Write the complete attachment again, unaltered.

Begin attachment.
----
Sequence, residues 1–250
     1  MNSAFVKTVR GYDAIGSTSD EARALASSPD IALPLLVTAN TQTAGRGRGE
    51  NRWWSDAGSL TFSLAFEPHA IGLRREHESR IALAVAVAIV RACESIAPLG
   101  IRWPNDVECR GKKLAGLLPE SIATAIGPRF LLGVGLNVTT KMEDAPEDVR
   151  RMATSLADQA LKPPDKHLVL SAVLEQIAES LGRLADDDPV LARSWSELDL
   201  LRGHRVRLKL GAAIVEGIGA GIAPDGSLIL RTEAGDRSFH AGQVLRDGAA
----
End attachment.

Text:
Sequence, residues 1–250
     1  MNSAFVKTVR GYDAIGSTSD EARALASSPD IALPLLVTAN TQTAGRGRGE
    51  NRWWSDAGSL TFSLAFEPHA IGLRREHESR IALAVAVAIV RACESIAPLG
   101  IRWPNDVECR GKKLAGLLPE SIATAIGPRF LLGVGLNVTT KMEDAPEDVR
   151  RMATSLADQA LKPPDKHLVL SAVLEQIAES LGRLADDDPV LARSWSELDL
   201  LRGHRVRLKL GAAIVEGIGA GIAPDGSLIL RTEAGDRSFH AGQVLRDGAA